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Euro area economy slows in October: Markit

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Euro area economy slows in October: Markit

Economic activity in the euro area fell from its 27-month high, as the manufacturing and service economies slowed over the previous month, according to Markit Group.

October’s PMI Composite fell 0.7 points to 51.5, led by a slight downturn in the service economy. Service activity slowed to a two-month low, Markit reported. The service economy experienced a slowdown in both output and new orders, although new business activity rose for a third consecutive month. On the manufacturing side, output growth accelerated at a modest pace, whereas new orders were relatively unchanged from the previous month’s moderate rate of growth.

Despite the slowdown, the service and manufacturing PMIs remained north of 50.0, signalling an overall expansion in economic activity. The expansion occurred across the 17-nation currency bloc, although growth slowed in Germany and France, the euro area’s largest economies. The rest of the currency bloc reported modest growth for the third consecutive month.

Market participants are speculating whether the slowdown of expansion has deeper implications on the currency bloc’s overall recovery. According to Chris Williamson of Markit, “It’s still too early to say that the recovery is losing momentum.” Williamson cautioned market participants not to read too much into the October data. The modest expansion in the third quarter is reassuring, as all regions of the 17-nation bloc are gradually improving.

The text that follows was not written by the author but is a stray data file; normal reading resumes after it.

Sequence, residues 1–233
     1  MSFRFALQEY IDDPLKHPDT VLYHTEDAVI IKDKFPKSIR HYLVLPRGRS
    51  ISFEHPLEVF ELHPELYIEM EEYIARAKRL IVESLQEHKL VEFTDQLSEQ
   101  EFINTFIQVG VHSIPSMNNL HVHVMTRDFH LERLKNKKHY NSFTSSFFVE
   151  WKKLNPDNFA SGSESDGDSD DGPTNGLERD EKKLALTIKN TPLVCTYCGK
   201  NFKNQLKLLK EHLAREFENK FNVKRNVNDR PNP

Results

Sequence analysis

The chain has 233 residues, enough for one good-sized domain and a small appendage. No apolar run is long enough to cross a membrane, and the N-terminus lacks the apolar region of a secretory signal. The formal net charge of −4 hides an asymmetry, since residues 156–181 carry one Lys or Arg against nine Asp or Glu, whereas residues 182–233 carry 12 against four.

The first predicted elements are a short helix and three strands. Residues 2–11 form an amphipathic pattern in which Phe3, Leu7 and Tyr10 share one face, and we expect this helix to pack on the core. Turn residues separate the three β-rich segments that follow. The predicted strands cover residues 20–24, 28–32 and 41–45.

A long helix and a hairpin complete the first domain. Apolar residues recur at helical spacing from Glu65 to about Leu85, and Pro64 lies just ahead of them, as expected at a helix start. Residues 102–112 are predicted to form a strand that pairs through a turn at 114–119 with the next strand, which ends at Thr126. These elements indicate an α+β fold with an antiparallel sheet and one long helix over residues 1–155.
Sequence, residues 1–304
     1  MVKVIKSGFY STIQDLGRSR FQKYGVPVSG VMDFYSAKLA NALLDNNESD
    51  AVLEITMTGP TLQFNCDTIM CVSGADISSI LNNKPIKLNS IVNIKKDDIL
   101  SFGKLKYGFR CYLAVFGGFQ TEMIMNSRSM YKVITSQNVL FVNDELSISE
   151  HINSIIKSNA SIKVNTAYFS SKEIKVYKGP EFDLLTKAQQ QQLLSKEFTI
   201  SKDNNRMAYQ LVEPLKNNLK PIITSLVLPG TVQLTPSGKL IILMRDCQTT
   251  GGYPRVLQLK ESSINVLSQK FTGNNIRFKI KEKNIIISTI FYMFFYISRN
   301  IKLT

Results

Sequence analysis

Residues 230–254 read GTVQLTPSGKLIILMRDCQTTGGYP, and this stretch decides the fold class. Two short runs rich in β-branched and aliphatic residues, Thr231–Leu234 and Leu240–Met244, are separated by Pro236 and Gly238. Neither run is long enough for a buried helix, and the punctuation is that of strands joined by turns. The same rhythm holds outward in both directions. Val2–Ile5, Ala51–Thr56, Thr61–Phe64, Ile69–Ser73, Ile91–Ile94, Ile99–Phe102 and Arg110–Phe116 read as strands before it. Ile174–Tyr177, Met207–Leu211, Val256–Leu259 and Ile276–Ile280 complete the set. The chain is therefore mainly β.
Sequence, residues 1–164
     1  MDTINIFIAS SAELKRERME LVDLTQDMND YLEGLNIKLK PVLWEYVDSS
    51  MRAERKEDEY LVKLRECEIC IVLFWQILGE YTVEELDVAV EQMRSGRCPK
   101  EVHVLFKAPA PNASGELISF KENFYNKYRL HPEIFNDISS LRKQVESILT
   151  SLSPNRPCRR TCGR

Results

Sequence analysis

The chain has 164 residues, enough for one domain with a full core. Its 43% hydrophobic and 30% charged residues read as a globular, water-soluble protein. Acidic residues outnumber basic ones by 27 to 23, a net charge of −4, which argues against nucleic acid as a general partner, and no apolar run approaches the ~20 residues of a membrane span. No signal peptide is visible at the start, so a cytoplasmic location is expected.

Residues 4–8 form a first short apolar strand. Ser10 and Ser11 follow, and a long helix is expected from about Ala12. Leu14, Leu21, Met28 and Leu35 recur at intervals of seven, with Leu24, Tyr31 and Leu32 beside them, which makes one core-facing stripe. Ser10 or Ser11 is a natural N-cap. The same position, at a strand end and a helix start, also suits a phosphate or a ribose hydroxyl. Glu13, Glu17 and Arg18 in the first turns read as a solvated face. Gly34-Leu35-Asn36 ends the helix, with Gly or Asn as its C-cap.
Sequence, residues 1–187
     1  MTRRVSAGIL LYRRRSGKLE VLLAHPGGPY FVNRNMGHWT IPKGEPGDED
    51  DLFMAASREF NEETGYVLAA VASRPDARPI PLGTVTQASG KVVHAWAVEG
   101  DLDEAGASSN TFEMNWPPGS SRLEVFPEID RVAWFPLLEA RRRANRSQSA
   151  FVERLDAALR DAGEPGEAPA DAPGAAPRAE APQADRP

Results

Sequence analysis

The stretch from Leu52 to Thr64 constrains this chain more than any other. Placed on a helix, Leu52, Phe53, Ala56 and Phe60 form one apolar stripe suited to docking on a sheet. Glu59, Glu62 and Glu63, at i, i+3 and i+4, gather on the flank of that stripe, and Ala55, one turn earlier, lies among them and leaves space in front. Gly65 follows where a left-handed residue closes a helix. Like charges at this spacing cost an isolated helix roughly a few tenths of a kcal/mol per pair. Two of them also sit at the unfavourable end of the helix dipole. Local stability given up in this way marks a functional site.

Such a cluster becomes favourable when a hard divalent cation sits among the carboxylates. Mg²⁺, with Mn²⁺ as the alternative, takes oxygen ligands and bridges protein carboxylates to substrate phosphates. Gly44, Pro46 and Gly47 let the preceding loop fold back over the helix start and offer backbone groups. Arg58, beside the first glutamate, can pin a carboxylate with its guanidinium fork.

Overall, the euro area economy has been expanding into positive territory for four months. The slight downturn in October will however remind policymakers recovery should not be taken for granted. In some way, the drag on PMI confirms the European Central Bank’s concern that economic growth will be uneven in the foreseeable future.

The ECB recently launched plans to formally examine 128 of Europe’s top lenders in order to strengthen confidence in the region’s financial sector. The ECB is looking to establish a common resolution mechanism for dealing with troubled banks, indicating it will not hesitate to fail banks if necessary.

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